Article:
An important factor in improving your productivity is to design a work environment that helps you accomplish your work faster and smarter then your competition. Well how about all the time you are not in the office? Are you tied to a paper filing system … how could you change that? (Evernote.com) Can your assistant and team members update file and get them to your quickly? (DropBox.com) Can your team, partners, and client see your calendar and plan accordingly? (Google Calendar) Can you conduct training sessions without having to be on-prem at the client’s location? (WebEx) Can you brainstorm with your team, partners, and clients regardless of their geographical location? (MindMeister.com) Can you manage your To-Do list, or better yet, can your assistant manage your list for you? (Remember the Milk).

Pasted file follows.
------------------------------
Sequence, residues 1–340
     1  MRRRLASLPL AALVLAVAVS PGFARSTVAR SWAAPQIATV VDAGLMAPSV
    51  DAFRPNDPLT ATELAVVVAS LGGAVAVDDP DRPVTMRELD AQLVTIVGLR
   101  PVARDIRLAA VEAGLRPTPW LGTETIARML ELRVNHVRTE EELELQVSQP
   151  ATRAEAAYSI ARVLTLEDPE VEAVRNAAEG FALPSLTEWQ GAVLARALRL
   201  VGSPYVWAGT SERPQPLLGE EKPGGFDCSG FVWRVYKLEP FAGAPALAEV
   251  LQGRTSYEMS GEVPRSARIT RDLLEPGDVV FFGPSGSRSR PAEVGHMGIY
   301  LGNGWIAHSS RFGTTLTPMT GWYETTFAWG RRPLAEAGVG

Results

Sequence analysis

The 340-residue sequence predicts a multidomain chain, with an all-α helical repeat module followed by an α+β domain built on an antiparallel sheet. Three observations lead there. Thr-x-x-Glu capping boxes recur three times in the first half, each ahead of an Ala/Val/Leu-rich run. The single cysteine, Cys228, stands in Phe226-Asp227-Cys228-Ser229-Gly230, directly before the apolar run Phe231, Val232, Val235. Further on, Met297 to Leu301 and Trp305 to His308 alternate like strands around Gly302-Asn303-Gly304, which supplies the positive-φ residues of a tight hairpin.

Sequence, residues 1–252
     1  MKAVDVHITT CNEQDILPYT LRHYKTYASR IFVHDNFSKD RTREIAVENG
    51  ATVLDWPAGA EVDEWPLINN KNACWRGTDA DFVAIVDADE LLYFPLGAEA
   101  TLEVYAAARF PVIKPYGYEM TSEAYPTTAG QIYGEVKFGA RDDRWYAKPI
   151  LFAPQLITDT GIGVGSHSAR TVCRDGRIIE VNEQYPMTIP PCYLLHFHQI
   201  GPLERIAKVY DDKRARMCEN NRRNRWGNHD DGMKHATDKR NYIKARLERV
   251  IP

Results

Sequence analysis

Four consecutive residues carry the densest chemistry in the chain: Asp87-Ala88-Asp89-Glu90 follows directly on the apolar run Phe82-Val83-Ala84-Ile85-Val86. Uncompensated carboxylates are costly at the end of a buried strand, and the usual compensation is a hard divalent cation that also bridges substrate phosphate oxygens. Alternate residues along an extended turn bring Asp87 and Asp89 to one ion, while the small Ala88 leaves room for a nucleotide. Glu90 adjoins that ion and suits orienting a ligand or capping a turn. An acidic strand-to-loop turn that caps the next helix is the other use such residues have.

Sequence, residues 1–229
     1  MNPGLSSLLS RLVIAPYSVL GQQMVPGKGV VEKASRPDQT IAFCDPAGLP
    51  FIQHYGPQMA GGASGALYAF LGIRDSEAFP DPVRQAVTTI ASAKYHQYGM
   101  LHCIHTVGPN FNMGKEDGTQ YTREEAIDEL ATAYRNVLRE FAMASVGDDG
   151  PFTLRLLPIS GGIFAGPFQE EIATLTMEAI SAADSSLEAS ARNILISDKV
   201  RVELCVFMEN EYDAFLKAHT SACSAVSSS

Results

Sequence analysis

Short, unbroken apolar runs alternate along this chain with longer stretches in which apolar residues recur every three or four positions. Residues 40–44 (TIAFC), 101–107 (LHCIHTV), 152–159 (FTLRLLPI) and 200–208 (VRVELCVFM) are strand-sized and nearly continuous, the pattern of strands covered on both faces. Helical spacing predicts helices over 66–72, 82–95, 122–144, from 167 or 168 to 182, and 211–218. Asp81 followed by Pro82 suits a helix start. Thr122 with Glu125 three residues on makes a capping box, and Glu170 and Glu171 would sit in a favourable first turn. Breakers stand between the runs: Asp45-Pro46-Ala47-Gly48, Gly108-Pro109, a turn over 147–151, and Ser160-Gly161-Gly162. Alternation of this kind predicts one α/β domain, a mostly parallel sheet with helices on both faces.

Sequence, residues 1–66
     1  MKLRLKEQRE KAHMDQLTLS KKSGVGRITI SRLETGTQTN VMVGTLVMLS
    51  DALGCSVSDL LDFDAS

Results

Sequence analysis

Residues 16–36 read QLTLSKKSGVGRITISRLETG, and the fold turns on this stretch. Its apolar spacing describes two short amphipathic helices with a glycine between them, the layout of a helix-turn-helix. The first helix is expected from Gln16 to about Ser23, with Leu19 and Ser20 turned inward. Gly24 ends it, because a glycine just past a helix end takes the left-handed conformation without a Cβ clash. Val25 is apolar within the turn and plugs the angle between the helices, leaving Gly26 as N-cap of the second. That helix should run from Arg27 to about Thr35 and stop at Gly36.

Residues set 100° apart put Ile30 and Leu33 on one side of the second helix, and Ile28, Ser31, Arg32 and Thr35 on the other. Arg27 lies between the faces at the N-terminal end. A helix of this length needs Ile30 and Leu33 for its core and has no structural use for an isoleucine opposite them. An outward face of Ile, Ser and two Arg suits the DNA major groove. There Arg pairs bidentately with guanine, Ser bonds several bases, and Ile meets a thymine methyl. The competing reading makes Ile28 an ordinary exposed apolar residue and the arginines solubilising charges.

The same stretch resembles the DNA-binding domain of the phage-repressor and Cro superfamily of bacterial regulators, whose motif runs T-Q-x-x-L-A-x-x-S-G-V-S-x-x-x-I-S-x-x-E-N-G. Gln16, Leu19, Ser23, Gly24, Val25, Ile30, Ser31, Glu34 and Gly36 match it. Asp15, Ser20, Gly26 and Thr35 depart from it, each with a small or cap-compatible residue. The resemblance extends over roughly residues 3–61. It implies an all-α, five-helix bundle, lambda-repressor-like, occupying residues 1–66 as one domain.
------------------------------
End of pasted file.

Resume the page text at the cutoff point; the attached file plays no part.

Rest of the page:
My guess the most difficult thing to change in your work space is the paper trails you live with. You probably have become so accustomed to getting something in paper, working on it, then passing it on. Reguardless, it is possible to go paperless. It’s worth the time to implement also.
Over the past 10 years I have moved to a paperless process. That is how I had to look at it. I focused on the process, not the piece of paper or some other physical object. Many of the web based applications I mentioned above I use today. It allows me to complete my client requests while knowing that all the items I need are right at my fingertips.
So what have you done to make it possible to telework or telecomute? I’d love to compare notes some time.